China and India currently account for about 37% of the entire global population of roughly 7.7 billion, with China currently home to about 1.4 billion people and India to 1.3 billion.
But by 2027, India will have more people than China, according to the UN’s 2019 World Population Prospects report released Monday, and by 2050 the gap is expected to have widened even further.
“Between 2019 and 2050, 55 countries or areas are expected to see their populations decrease by at least 1%,” the report said, mostly due to low-levels of fertility and in some cases, high numbers of emigration.
“In the largest of these, China, the population is projected to shrink by 31.4 million, or 2.2 per cent.”
That would put China’s population at 1.1 billion, fewer than the 1.5 billion forecast for India.
By 2050, the report predicts the planet’s entire population will be 9.7 billion people, a staggering rise in just one century.
Five years after the founding of the UN in 1950, the global population was a mere 2.6 billion people.
The UN compiles the report using demographic trends and relevant patterns in human fertility, mortality and migration. The aim is to provide governments with information as they work towards the UN’s 2030 Sustainable Development Goals.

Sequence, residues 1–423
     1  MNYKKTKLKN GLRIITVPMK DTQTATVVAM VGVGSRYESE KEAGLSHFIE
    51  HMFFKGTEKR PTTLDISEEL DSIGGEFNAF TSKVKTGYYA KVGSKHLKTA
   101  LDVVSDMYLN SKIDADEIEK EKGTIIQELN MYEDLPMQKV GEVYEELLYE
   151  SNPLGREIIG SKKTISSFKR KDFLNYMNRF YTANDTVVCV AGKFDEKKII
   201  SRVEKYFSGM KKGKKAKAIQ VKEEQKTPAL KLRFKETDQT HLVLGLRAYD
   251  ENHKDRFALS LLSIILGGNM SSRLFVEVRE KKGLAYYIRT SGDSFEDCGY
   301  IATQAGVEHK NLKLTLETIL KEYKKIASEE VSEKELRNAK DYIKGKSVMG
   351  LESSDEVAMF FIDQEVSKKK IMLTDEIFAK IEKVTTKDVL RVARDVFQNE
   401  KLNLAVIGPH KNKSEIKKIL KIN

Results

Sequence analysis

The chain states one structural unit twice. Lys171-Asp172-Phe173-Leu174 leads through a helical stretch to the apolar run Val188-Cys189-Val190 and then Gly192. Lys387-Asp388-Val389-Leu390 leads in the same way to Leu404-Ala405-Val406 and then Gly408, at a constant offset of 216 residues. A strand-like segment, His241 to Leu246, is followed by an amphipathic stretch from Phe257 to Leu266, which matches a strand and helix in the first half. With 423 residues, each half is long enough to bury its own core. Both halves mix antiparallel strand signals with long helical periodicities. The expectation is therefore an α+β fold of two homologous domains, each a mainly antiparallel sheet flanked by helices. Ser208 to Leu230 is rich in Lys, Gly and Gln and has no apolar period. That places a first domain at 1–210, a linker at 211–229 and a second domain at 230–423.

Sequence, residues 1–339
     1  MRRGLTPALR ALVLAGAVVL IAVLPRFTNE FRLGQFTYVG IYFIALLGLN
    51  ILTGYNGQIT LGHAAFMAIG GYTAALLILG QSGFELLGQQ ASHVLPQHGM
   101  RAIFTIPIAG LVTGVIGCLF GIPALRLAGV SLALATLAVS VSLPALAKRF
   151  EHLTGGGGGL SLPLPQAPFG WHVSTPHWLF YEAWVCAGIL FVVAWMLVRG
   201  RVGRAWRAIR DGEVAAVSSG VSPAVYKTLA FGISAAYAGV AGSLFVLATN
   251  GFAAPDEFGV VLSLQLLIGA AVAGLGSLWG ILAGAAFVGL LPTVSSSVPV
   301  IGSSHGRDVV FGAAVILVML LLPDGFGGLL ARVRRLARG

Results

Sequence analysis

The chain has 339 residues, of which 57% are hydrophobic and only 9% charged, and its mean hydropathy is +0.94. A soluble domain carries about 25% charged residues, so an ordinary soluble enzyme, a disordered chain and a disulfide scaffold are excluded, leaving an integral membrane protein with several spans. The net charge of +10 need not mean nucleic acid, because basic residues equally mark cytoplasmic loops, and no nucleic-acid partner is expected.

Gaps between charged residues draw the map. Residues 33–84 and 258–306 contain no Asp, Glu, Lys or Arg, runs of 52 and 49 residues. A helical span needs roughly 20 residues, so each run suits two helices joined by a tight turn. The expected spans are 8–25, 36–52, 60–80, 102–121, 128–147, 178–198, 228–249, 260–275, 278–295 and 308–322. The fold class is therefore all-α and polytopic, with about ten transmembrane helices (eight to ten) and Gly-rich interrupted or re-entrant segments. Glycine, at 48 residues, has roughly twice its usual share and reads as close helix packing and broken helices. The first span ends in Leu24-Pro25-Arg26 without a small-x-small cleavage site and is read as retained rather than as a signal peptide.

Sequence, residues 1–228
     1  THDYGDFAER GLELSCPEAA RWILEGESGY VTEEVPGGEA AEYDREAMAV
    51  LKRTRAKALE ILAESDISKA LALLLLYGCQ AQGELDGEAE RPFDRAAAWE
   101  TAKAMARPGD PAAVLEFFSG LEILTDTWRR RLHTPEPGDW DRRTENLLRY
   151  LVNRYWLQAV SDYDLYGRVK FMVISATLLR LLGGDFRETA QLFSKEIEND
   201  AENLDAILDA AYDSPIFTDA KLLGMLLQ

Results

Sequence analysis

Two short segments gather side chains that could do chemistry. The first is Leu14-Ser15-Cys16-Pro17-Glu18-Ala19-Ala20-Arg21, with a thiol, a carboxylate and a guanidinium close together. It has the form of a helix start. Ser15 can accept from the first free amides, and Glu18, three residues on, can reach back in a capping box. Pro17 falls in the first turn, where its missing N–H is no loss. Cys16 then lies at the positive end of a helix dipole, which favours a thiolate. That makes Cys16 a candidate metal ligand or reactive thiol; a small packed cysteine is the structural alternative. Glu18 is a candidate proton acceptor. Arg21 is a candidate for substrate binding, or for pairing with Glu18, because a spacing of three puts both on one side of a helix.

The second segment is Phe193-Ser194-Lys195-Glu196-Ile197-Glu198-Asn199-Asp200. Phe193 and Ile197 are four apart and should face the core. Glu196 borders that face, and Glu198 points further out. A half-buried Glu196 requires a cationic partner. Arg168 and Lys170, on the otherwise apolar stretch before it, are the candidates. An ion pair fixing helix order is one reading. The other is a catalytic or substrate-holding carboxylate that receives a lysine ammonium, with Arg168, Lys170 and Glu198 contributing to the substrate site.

Besides India overtaking China, the UN report said Nigeria will be the third most populous country by 2050 with an estimated 733 million people, overtaking the United States, which will fall to fourth place with a population of 434 million. Pakistan will remain the world’s fifth largest country in terms of population.
“Many of the fastest growing populations are in the poorest countries, where population growth brings additional challenges”, said Liu Zhenmin, United Nations Under-Secretary-General for Economic and Social Affairs (DESA), in a statement.
More than half of the predicted global population by 2050 will be clustered in just nine countries, the report said: India, Nigeria, Pakistan, the Democratic Republic of Congo, Ethiopia, Tanzania, Indonesia, Egypt and the United States.
Large global trends include decreasing populations, unprecedentedly large, aging populations due to rising life expectancy, and a narrowing discrepancy between rich and poor countries.